Sunday, 6 September 2015

Apartheid in The Prisoner: The Schizoid Man

In my introduction to this series I commented that I didn't really want to get drawn into the interminable discussion among fans of The Prisoner, about the black or white blazers and black or white number badges. It would, however, be churlish not to mention the matter at all in connection with this episode. My personal conclusion, having dipped into this argument from both sides over the years, is that it is impossible to come to any conclusion about the significance of the badges. In fact I would theorise that they could even be one of the little things in the series intended to lead to fruitless discussion and never susceptible of a final conclusion. My personal opinion about the blazers in this episode would of course be that the whole point of this episode, including even its name, is that of a split or division, which in this episode becomes deliberately confused so that it is impossible to tell who is Number 6 or Number 12. Naturally it is always possible to tell Number 24 apart.
The issue of identification by whichever means does, however, have a more complex application to the ideas underlying South African apartheid, and so it is actually very easy to read a moral about apartheid into this episode. The issue is of course around identity, knowledge, ways of knowing, and confusion. The moral is itself a 'schizoid' one: if you try rigidly to divide and label people by whatever means, and then also try to change these rigid divisions, the only person you will end up confusing is yourself. To give another real apartheid-era example of exactly this situation where it becomes ridiculous:
'A new bus apartheid system of seating will come into force on some Peninsula routes on Monday. In the new system the front four rows of seats and the longitudinal seats over the off-side wheel in the lower saloon are reserved for Europeans, and the long seats over the near-side wheel for non-Europeans. The rest of the seats in the lower saloon and all seats in the upper saloon are for all classes. The system changes slightly on Sundays when non-Europeans have both of the long seats over the rear wheels, the Europeans having the first four rows. The trunk-route from Wynberg to Sea Point will be segregated only between the city and Sea Point, conductors changing the boards before reaching the city stop at the Waldorf. The Europeans-only service between the Sea Point and Diep River will be modified by the dropping of the Sea Point to Cape Town section. This service will be withdrawn on Saturday, August 22. – Cape Times, August 18 1959. In an interview a few days later the manager of City Tramways denied that people were confused by the new arrangement.' (cited in Ben MacLennan: Apartheid The Lighter Side. Chameleon Press, Plumstead, 1990, p. 29)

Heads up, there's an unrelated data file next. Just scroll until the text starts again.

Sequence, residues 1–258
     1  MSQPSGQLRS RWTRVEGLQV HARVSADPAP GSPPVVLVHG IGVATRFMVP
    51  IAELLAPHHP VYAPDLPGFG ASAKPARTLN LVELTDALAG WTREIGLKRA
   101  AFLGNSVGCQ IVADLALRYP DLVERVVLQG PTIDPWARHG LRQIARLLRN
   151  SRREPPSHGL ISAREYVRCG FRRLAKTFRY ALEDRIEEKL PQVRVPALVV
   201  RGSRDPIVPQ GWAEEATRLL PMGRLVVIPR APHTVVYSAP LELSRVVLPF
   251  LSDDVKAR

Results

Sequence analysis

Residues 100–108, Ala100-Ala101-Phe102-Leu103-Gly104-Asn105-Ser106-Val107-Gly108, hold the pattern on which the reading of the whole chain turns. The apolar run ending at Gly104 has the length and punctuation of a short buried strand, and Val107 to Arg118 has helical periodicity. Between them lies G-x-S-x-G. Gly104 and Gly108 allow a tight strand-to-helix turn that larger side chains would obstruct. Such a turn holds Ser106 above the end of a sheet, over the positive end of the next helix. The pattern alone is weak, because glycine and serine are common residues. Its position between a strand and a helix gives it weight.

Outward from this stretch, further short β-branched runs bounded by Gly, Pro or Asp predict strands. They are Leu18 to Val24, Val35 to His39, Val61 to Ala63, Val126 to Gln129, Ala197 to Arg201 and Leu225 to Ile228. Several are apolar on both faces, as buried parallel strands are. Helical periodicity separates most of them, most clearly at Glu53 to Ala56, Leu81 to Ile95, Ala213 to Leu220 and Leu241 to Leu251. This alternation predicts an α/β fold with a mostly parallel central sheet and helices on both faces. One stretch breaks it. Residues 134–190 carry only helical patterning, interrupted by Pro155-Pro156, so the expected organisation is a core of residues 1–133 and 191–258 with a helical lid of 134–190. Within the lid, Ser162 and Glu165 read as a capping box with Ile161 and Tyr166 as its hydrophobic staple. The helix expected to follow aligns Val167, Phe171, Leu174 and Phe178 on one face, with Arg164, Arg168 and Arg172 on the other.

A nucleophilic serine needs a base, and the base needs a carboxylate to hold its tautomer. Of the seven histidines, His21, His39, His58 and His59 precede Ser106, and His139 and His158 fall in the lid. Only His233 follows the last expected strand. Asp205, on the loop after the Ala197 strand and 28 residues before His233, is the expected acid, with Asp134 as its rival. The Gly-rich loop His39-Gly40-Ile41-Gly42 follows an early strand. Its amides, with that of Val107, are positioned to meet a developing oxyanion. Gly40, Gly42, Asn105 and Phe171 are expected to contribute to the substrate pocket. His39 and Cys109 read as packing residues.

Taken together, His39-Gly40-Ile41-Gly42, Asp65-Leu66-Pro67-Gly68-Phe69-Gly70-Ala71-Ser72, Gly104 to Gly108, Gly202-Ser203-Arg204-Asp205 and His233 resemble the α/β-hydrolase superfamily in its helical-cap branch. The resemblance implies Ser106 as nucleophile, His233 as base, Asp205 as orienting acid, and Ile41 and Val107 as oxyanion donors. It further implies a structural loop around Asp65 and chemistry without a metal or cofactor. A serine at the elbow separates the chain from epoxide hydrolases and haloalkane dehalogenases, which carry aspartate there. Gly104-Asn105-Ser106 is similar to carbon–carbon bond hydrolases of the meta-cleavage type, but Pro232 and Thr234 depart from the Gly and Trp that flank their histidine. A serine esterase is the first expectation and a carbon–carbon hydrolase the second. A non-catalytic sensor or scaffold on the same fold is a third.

In fact the fact that Number 6 can pull the wool over the eyes of his captors in this episode (albeit not winning) seems to me a perfect image of what actually happened in apartheid. Remember that the 1960s were the time when apartheid was at its peak, the South African economy was at its most successful ever, and the cracks had not yet started appearing, as they did in the 1970s and '80s. Had this show been made at the end of the 1980s, with at least one eye on making it possible to refer to South African apartheid, it would look quite different.
The Prisoner's approach to the 'shizoid' 1960s concerns of the primacy of Science, and yet the popularity of magic and everything 'alternative' is also strongly present here. In fact I feel that Number 6's psychic link with Number 24, which at one point trumps his captors' scientific approach, could be seen to refer to the condescending way in which colonial whites in Africa tended to look at black people. Once again there is a moral, and it is very simply that if you look on people as magically-thinking savages, you will tend to underestimate them. A recent example of that kind of thinking is found here, by a current South African pro-apartheid blogger (Caution: you will almost certainly find this offensive, I do myself):
'When one teaches blacks, it is not uncommon to find that they score well to very well in tests or exams where they have to repeat what they were taught. In fact it is almost well known amongst educators that blacks are better at this than whites.
'But when it comes to applying knowledge...when it comes to using logic, faultfinding and problem solving skills, blacks fall by the wayside. They just cannot do it.
'A black can pass all the theory exams to become a pilot, but put him in a simulator and subject him to crisis situations where he has to think rapidly, then one sees the cogs of the black cognitive system start flying all over the place. And I am talking about the one percent...the best of the best,. The other 99% are only good to dig ditches, provided they do not break the pick or spade.
'The proof is in the pudding [sic]. It is not as if the world is over run by Nobel Laureates for hard sciences like physics or chemistry. How many black astro or nuclear physicists do you know?
[...]
'The most amazing thing is that no matter how well Blacks are educated, they never let go of their superstitious believes in the Tokoloshe, Muti witchcraft and ancestor worship. Blacks who hold high positions today such as ministers in parliament or judges...blacks who are engineers, still consult the witchdoctor on a regular basis. Blacks still run around and attack everyone, including their own with pangas.
'No amount of western education will ever be sufficient to change the African black savage into respectable human beings. They are what they are. We have to be honest with ourselves and with blacks and accept them them for who and what they are. We have to realise that our cultures will never be compatible.' Source

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